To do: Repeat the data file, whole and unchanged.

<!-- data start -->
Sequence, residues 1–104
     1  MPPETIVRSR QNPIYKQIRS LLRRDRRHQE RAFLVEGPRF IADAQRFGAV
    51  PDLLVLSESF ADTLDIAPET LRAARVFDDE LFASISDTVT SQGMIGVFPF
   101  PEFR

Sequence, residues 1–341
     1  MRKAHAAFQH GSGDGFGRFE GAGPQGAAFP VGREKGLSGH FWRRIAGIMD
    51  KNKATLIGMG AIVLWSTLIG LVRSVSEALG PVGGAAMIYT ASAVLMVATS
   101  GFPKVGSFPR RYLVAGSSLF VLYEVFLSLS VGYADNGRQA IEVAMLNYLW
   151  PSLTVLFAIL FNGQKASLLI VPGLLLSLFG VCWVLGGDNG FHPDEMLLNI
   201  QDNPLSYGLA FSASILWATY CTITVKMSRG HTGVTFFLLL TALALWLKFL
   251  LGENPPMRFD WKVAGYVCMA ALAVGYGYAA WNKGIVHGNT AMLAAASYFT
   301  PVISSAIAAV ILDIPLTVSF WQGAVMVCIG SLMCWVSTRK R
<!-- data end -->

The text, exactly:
Sequence, residues 1–104
     1  MPPETIVRSR QNPIYKQIRS LLRRDRRHQE RAFLVEGPRF IADAQRFGAV
    51  PDLLVLSESF ADTLDIAPET LRAARVFDDE LFASISDTVT SQGMIGVFPF
   101  PEFR

Sequence, residues 1–341
     1  MRKAHAAFQH GSGDGFGRFE GAGPQGAAFP VGREKGLSGH FWRRIAGIMD
    51  KNKATLIGMG AIVLWSTLIG LVRSVSEALG PVGGAAMIYT ASAVLMVATS
   101  GFPKVGSFPR RYLVAGSSLF VLYEVFLSLS VGYADNGRQA IEVAMLNYLW
   151  PSLTVLFAIL FNGQKASLLI VPGLLLSLFG VCWVLGGDNG FHPDEMLLNI
   201  QDNPLSYGLA FSASILWATY CTITVKMSRG HTGVTFFLLL TALALWLKFL
   251  LGENPPMRFD WKVAGYVCMA ALAVGYGYAA WNKGIVHGNT AMLAAASYFT
   301  PVISSAIAAV ILDIPLTVSF WQGAVMVCIG SLMCWVSTRK R